40% Bulgarians Do Not Approve of Euro - SurveySociety | September 16, 2010, Thursday // 12:41| views
Earlier this year Bulgaria's government announced it has abandoned plans to apply to join the bloc's exchange-rate mechanism, the so-called eurozone waiting room. Photo by EPA/BGNES
A little more than 40% of the Bulgarians think that the introduction of the euro would be bad for the country's economy, a poll showed.
According to the survey, conducted by Transatlantic Trends 2010, 83% of the UK and 53% of the Polish citizens do not have a positive opinion about the euro.
Only 28% of the Bulgarians expect that the introduction of the euro will have a positive effect on the country.
The poll has showed that the countries from the Eurozone are not very supportive of the euro. Most of the respondents have answered that the introduction of the euro had a negative effect on their national economy.
57% of the EU citizens have also stated that the economic problems in Europe should lead to a more active commitment for building a strong European Union.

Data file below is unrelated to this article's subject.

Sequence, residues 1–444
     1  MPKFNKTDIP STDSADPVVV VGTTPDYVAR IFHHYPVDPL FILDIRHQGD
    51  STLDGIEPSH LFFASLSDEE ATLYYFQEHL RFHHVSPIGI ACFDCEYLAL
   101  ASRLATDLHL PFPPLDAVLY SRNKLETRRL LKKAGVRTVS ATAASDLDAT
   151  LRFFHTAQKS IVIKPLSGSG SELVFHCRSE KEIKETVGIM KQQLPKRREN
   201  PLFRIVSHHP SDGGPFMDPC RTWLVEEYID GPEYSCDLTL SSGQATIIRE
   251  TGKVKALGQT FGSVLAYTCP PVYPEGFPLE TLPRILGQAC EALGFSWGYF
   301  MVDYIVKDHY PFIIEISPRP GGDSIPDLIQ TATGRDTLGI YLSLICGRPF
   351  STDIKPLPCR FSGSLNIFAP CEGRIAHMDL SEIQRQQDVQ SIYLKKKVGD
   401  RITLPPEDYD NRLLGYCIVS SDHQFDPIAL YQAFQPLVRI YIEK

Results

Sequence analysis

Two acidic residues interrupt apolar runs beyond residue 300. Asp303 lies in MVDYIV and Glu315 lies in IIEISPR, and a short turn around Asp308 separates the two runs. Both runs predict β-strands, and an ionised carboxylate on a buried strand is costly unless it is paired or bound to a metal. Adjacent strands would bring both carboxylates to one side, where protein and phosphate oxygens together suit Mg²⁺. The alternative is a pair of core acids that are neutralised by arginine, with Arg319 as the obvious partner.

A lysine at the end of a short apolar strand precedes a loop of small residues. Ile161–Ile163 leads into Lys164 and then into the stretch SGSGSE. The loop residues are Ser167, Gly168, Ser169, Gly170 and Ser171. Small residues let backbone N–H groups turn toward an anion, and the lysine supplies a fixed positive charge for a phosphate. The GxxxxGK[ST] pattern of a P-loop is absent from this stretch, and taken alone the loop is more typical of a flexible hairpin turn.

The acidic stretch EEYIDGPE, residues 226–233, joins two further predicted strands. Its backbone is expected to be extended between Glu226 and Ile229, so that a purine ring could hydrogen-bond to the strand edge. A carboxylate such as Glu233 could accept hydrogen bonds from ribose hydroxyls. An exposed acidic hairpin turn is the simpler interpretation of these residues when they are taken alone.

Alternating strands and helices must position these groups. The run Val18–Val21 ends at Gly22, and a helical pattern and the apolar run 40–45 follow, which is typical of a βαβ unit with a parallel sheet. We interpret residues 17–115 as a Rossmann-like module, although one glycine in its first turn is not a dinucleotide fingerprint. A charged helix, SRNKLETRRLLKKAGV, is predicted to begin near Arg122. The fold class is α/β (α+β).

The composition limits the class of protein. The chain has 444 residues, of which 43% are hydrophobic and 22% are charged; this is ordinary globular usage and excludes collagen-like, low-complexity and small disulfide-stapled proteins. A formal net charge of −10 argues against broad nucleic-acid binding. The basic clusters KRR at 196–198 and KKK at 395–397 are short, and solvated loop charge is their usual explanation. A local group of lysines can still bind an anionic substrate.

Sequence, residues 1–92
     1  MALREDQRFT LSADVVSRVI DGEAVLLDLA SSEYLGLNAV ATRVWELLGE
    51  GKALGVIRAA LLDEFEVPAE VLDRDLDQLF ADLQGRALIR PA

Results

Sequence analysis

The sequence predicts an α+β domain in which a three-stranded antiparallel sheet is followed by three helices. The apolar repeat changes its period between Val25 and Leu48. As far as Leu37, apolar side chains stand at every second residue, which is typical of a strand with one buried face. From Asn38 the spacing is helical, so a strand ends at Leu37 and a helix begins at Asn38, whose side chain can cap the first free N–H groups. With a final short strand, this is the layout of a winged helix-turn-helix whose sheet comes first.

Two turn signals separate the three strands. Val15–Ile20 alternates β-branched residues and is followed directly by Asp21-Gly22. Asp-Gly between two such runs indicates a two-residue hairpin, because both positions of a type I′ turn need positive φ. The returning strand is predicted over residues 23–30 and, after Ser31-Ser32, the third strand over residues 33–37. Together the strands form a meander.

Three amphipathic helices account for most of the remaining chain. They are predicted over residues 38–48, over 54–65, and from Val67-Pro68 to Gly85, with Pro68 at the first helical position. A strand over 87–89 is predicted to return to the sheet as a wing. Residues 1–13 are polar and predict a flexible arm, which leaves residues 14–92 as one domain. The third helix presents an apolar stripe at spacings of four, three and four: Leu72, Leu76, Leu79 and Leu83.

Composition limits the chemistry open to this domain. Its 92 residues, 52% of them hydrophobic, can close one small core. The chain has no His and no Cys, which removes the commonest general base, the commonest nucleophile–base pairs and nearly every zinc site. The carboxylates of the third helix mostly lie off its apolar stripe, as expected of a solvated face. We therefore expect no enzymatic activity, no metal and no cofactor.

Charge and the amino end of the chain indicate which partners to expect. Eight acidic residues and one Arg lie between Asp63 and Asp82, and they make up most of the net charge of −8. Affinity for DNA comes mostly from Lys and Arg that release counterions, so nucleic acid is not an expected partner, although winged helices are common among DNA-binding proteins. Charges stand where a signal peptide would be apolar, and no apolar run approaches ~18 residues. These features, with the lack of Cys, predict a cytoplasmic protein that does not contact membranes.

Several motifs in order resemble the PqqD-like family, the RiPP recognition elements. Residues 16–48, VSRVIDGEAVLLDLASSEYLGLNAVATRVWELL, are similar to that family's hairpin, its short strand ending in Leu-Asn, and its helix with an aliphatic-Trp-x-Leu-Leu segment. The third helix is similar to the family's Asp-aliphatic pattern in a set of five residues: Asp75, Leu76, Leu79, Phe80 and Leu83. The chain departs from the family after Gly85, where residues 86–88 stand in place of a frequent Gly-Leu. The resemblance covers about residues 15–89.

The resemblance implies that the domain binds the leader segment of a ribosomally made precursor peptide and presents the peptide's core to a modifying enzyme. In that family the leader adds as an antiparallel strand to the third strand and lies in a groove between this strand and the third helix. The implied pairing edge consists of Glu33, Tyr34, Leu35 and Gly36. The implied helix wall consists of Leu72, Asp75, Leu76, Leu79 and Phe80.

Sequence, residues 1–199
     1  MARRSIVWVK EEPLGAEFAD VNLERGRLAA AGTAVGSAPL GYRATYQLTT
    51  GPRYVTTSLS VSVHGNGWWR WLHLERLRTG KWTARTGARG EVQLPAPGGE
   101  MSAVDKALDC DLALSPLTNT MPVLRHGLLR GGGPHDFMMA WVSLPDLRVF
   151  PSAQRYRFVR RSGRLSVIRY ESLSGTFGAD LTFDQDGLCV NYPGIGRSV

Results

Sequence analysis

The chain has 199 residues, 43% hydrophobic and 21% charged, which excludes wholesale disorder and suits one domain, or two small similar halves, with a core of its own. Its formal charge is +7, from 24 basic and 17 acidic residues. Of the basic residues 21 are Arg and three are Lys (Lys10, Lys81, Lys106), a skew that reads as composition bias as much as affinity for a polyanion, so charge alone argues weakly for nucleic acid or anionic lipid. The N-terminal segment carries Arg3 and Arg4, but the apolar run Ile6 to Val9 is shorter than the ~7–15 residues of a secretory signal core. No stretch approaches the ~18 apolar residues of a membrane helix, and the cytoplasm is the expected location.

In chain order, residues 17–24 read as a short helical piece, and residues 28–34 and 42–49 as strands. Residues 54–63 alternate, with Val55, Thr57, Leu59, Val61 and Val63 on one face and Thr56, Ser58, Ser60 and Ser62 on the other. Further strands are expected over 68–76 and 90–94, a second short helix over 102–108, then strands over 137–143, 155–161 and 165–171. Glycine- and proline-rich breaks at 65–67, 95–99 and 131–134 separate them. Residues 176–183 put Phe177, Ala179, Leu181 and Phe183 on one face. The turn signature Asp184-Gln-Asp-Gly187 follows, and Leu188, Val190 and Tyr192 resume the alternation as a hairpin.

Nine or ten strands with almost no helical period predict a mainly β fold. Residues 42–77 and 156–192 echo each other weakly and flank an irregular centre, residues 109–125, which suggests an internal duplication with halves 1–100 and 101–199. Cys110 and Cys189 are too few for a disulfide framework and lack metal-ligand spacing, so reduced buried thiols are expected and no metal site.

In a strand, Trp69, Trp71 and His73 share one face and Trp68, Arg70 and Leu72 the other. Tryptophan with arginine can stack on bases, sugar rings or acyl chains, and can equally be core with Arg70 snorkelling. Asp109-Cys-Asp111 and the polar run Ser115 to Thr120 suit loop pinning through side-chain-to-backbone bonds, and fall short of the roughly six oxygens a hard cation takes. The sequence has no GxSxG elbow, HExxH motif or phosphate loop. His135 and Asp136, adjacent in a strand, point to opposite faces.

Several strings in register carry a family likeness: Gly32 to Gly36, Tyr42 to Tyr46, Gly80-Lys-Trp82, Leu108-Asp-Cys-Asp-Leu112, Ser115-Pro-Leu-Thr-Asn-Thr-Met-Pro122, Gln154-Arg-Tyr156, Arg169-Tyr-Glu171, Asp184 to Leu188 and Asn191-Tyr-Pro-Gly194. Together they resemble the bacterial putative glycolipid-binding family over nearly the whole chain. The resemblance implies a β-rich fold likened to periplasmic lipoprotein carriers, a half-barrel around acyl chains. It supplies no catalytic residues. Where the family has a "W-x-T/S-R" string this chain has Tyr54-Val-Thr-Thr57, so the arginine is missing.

However, only one third of the UK citizens have expressed support for the strengthening of the EU, while such a perspective was approved by 76% of the Italians, 70% of the Portuguese and 66% of the Bulgarians.
Transatlantic Trends 2010 is a project of the German Marshall Fund. It measures the broad public opinion in the United States, Turkey and 11 EU countries.
Bulgaria is still struggling to exit the recession after its economy contracted by 3.6% on an annual basis in the first quarter of 2010 from 5,9% in the previous quarter. The government however hopes for a 1% economic growth for this year as recovering exports bolster the expansion.
Earlier this year the cabinet announced it has abandoned plans to apply to join the bloc's exchange-rate mechanism, the so-called eurozone waiting room, over a larger than expected 2009 deficit caused by unaccounted procurement deals, signed by the previous Socialist-led cabinet.
Joining the exchange-rate mechanism was assigned top priority for this year by the new Bulgarian center-right government, which was the reason why it stuck to tight financial policy at the end of 2009 and delayed payments to businesses in a bid to keep low the budget deficit.
Countries must be members of ERM II for two years before they can formally join the eurozone. Bulgaria so far believed that it could be ready for euro entry by 2013.
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